I was brought up in Rome under a rather feeble ministration of the Anglican Church, which seemed always cold and empty beside the real Churches we constantly visited as children. As I grew older my indifference to Protestantism only increased. I felt there was but one living Church; outside of that was to be found only free thought, philosophical eclecticism, and a vague platonic idealism. For some time I did not wish to bind myself to any form of belief, preferring to drift from one poetical or scientific theory of the Universe to the other.
All through these growing years, from fourteen to nineteen, I read everything I could find in the way of philosophy and metaphysics; but, having no guide, my reading was very desultory. I think a prolonged study of Dante’s Divine Comedy was probably laying in my mind the foundations of Catholic synthesis, although I did not know it till afterwards. Three years of Dante lessons with a learned Abbate Pagliari were very enlightening. I realized how vastly inclusive Catholic belief could be; how logical, while it transcended all logic, how it ministered to all humanity with its divinity.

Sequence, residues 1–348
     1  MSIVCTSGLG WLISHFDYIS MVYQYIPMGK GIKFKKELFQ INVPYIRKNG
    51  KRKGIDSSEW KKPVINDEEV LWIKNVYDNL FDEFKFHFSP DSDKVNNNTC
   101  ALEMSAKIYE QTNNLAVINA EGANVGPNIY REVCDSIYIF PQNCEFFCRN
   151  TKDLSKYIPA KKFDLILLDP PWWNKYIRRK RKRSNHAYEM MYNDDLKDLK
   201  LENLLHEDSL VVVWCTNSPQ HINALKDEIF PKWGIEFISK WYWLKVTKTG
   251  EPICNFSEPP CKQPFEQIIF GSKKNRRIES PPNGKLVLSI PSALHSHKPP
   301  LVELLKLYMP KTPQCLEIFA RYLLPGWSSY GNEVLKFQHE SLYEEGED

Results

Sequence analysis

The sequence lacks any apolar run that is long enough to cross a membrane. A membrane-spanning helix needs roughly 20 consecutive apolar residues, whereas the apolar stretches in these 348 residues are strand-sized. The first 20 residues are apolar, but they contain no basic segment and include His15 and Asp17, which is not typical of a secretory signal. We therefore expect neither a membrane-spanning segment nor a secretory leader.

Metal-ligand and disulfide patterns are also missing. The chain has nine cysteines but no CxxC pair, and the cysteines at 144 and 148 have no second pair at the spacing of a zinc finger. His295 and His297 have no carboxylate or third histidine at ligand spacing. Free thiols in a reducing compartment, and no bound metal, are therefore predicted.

So the stream of my convictions came to me as rivulets from many sources. I made the acquaintance of Monsignor Puyol, the Superior of St. Louis des Français, in Rome. He with great kindness and patience gave me the necessary instruction, overcame my last scruples of doubt, and on the feast of St. Joseph, 1883, received me into the Church to which, by taste and inclination, I had belonged since my first childhood.
Georgina Pell Curtis, ed., Some Roads to Rome: Being Personal Records of Conversion to the Catholic Church (St. Louis: B. Herder, 1910), 83-84.